What Are the Different Types of Basement Construction?

Basement Construction | A construction meter on top of a building plan.

What Are the Different Types of Basement Construction?

Traditionally, UK houses have tended to be built without a basement, but trends have changed recently. Space is at a premium, especially in cities, and homeowners are increasingly seeing extending that space as a cost-effective alternative to moving. That’s resulted in an explosion of basements being added — and maybe you’re considering this yourself. So what are the different types of basement construction?

What Type of Basement Installation Do You Need?

For a new build, of course, the basement can be constructed at the same time as the rest of the building, but if you want a basement for an existing house, there are various ways to add one.

The most common type is a retrofit. A new basement is excavated below the ground floor, which will need underpinning to support the building at a deeper level than the existing foundations. Alternatively, if you have enough garden space, you can create a basement under it, with an internal connection from the house. This has the advantage of causing less disruption during construction, as well as the possibility of bringing in natural light.

Then again, you may already have limited basement space. For instance, it might have been used for a boiler, or for storing coal in an older building. A refurbishment can extend and improve this space to suit whatever purpose you might have in mind.

What Are the Main Construction Methods for a Basement?

In general, any basement is likely to be constructed with concrete, but there are various approaches for this:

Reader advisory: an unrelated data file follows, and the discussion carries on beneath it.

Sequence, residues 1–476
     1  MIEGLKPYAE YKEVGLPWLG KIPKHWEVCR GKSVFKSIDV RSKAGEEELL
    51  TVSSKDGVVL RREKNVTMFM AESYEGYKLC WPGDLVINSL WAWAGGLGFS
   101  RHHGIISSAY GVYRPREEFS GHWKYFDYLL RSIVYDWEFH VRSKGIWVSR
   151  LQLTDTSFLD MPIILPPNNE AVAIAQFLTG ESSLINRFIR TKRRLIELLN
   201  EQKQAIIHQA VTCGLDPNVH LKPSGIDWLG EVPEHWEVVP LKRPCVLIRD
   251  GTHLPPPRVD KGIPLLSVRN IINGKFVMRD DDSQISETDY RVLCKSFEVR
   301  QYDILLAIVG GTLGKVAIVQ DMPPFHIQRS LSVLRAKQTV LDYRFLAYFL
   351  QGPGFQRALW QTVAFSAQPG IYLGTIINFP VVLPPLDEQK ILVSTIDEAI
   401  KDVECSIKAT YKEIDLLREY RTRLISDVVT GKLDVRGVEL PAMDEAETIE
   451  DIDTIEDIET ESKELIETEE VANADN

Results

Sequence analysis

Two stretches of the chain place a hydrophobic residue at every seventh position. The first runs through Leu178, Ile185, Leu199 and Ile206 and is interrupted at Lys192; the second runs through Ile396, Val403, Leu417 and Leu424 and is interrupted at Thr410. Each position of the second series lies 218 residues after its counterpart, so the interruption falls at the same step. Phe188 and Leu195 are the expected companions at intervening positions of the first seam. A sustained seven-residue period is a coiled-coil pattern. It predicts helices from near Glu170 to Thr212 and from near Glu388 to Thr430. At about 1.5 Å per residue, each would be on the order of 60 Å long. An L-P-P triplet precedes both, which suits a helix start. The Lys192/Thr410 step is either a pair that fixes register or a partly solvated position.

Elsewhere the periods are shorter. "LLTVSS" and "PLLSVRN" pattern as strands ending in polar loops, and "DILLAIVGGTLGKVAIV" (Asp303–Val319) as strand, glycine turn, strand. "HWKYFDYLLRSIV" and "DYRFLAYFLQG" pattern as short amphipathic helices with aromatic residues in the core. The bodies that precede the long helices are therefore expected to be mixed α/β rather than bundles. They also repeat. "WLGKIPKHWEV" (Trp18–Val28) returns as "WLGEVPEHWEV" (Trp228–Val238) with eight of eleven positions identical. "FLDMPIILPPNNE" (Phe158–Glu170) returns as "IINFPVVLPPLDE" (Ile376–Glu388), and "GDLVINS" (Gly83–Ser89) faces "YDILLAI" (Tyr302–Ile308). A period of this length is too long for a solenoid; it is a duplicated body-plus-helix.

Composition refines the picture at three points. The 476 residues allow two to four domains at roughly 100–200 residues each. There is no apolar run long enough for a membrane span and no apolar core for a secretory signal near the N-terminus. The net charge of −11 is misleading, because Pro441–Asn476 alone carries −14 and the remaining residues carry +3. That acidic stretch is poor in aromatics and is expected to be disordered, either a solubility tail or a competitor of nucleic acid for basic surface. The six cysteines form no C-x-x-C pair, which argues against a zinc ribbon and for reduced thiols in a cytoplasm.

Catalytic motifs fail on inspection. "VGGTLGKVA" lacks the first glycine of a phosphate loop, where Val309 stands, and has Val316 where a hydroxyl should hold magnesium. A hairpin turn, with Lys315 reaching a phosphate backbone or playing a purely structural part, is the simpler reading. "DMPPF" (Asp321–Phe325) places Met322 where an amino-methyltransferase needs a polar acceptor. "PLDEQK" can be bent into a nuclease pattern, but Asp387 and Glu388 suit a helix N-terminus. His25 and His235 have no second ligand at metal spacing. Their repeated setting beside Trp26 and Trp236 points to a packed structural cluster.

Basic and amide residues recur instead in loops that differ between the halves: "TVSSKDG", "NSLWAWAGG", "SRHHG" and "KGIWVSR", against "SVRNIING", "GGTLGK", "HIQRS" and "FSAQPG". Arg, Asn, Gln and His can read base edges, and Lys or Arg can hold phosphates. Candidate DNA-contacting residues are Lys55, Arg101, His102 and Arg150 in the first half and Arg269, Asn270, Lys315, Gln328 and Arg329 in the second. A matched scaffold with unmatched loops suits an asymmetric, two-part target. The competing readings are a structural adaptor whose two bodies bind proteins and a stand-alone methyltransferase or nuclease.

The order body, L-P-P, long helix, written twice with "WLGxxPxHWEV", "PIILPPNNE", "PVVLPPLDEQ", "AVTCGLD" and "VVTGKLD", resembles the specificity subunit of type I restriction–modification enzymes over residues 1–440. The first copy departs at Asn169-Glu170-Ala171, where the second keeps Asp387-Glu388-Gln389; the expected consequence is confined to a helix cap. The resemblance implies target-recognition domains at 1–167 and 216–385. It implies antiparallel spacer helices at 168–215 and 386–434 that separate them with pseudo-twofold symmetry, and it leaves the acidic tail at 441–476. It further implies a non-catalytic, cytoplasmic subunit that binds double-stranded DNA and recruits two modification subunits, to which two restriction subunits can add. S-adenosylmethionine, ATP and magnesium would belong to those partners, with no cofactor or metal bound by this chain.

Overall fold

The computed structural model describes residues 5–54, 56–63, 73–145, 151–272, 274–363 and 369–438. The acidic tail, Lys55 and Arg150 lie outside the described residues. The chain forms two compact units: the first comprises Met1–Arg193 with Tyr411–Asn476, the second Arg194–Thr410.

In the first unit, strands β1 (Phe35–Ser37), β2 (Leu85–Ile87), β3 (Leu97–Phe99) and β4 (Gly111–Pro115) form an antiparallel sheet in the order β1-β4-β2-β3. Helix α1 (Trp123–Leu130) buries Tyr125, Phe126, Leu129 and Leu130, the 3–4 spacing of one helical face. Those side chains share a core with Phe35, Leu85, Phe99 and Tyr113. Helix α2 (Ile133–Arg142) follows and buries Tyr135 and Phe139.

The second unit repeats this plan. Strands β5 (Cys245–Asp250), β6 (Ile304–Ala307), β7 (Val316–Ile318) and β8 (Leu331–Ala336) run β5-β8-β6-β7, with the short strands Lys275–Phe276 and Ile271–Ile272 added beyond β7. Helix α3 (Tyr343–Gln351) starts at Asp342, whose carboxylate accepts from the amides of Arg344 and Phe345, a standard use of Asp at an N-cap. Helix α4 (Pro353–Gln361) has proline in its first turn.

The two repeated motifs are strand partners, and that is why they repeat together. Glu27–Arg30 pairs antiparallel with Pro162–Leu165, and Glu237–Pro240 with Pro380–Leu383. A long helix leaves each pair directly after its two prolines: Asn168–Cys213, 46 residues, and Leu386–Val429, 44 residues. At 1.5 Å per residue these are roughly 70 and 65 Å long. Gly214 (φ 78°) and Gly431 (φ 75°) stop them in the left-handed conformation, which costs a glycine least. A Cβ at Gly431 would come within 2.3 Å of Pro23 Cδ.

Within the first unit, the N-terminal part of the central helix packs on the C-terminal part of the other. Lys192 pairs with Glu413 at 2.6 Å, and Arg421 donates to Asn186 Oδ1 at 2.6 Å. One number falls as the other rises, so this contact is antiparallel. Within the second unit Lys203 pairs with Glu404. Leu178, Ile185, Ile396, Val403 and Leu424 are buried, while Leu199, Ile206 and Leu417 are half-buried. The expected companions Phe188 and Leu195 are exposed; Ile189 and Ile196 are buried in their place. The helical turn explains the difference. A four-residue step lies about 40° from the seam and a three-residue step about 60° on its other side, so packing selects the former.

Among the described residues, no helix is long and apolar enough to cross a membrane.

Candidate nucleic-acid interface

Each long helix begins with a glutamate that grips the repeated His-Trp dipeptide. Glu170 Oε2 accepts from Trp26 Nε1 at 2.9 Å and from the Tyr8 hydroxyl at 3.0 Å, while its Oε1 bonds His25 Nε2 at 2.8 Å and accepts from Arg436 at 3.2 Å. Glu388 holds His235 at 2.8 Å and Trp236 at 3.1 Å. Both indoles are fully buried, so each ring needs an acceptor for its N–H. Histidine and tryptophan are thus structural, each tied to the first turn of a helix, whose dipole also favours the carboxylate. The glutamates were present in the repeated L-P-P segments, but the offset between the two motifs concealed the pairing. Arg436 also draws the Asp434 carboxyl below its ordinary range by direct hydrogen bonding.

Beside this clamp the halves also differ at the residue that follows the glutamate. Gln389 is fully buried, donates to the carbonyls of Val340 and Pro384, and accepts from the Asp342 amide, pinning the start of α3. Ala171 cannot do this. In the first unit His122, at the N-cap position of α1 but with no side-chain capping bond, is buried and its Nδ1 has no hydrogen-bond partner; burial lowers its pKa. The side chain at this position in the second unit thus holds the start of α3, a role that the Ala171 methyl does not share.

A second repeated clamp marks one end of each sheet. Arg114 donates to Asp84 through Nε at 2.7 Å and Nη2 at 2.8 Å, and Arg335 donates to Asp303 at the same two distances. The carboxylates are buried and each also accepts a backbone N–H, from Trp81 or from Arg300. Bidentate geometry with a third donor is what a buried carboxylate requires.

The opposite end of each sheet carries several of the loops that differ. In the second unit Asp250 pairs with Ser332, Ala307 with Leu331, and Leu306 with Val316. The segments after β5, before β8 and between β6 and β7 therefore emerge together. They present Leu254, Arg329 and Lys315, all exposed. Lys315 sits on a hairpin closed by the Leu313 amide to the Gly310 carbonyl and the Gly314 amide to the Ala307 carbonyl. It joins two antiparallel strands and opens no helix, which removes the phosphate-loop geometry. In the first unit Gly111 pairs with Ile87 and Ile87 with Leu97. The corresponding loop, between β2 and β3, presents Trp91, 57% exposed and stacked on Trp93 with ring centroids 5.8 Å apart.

• In-Situ Concrete — This is the most common method for a retrofit basement, where both walls and floor are created on the spot. The walls are normally reinforced with steel bars, in order to counter cracking.
  • Insulating Concrete Framework — A variation of in-situ concrete, this involves creating a double wall structure of light polystyrene, strengthened by steel bars, with concrete poured into the gap between them.
  • Precast Concrete — This is when the concrete walls are cast elsewhere and assembled onsite. The substantial machinery involved usually makes this unsuitable for retrofits, but it’s ideal for a new build.
  • Twin Walls — In this case, the double wall is made of precast concrete, instead of polystyrene, with steel bars in between. In-situ concrete is then poured between them, creating an extremely strong reinforced concrete wall.
  • Masonry — Blocks of concrete built to form a wall can be used for new-build basements, but this method is also common for lining the interior of a basement.

Which Is the Best Type of Construction?

The ideal approach will depend on your situation. All the methods mentioned are valid, but they suit not only differences in whether it’s a new build or a retrofit, but also issues such as water-table level and access for machinery.

The best way to choose the ideal construction for your basement is to consult an expert. Give us a call to discuss the best way to create your basement.